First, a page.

Co-existence of hosts and sex ratio distorters in structured populations

Hatcher, MJD, A. M.; Tofts, C.,  Evolutionary Ecology Research,  2:185-205. 2000.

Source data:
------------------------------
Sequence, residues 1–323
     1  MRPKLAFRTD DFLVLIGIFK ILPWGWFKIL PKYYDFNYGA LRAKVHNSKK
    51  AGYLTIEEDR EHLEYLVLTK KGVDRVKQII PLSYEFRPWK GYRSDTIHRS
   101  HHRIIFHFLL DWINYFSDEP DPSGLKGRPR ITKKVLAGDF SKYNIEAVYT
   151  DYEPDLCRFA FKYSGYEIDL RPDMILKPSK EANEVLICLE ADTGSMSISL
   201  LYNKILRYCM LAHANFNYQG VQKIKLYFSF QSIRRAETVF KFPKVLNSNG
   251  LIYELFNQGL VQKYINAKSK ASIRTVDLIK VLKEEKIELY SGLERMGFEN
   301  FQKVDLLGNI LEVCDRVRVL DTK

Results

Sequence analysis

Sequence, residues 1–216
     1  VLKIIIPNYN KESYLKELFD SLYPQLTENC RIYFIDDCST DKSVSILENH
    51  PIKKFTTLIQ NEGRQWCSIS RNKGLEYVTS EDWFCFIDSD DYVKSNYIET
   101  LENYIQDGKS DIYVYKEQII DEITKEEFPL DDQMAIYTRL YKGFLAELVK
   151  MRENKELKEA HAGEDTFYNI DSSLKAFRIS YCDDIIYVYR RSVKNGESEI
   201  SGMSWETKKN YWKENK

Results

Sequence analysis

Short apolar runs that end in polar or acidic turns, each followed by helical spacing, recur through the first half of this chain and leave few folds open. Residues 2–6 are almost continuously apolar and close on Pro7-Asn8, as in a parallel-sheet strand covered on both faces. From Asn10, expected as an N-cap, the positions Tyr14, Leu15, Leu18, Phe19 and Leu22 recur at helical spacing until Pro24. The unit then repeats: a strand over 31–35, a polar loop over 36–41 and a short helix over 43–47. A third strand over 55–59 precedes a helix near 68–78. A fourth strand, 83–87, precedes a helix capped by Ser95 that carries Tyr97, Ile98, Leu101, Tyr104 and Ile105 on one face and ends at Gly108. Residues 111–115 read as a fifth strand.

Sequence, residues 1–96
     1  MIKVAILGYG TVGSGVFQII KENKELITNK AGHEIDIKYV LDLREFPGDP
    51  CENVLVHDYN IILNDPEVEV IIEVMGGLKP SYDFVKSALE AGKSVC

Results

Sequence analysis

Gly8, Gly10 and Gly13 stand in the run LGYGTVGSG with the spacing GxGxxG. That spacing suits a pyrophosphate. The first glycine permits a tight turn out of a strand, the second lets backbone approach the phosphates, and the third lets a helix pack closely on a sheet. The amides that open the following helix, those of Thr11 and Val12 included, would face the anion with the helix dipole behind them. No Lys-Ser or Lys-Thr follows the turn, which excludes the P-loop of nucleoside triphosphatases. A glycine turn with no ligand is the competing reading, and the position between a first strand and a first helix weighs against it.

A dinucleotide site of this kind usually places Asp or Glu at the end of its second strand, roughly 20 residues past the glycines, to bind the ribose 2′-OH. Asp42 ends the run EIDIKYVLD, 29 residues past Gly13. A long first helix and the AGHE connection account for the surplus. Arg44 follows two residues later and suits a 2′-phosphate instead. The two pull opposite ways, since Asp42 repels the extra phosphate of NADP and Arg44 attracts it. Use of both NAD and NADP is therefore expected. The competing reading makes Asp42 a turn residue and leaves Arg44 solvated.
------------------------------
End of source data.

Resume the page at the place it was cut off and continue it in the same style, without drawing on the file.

Vertically transmitted parasites occur in several invertebrate species, and alter host reproduction by a variety of mechanisms, including sex ratio distortion via feminization. Efficient feminizers are predicted to drive homogenous host populations extinct due to the absence of males. However, group (interdemic) selection may enable host-parasite co-existence through extinction-colonization turnover of local subpopulations. Here we analyse the effects of feminizers on host metapopulations, in relation to the underlying mechanism of host sex determination. We examine host metapopulations with (a) fixed probabilistic sex ratio control, (b) female heterogamety (WZ/ZZ) and (c) male heterogamety (XX/XY) with and without YY viability. Under some circumstances, host and parasite can co-exist in metapopulations despite deterministic instability of local populations, in which case the parasite persists at lower frequency than predicted for homogenous populations. However, co-existence is sensitive to host sex determining mechanism. Long-term co-existence is unlikely in chromosomal systems, where sex ratio selection and novel mating type combinations result in the loss of female-determining alleles from infected host subpopulations. The consequent loss of uninfected females precludes stochastic parasite exclusion and thus prevents local population recovery. Hence, host-feminizer co-existence via interdemic selection requires intrinsic patch recovery in addition to recolonization from neighbouring subpopulations. We conclude that metapopulation structure can only buffer host populations against parasite-mediated extinction if female-determining alleles are retained in the host population.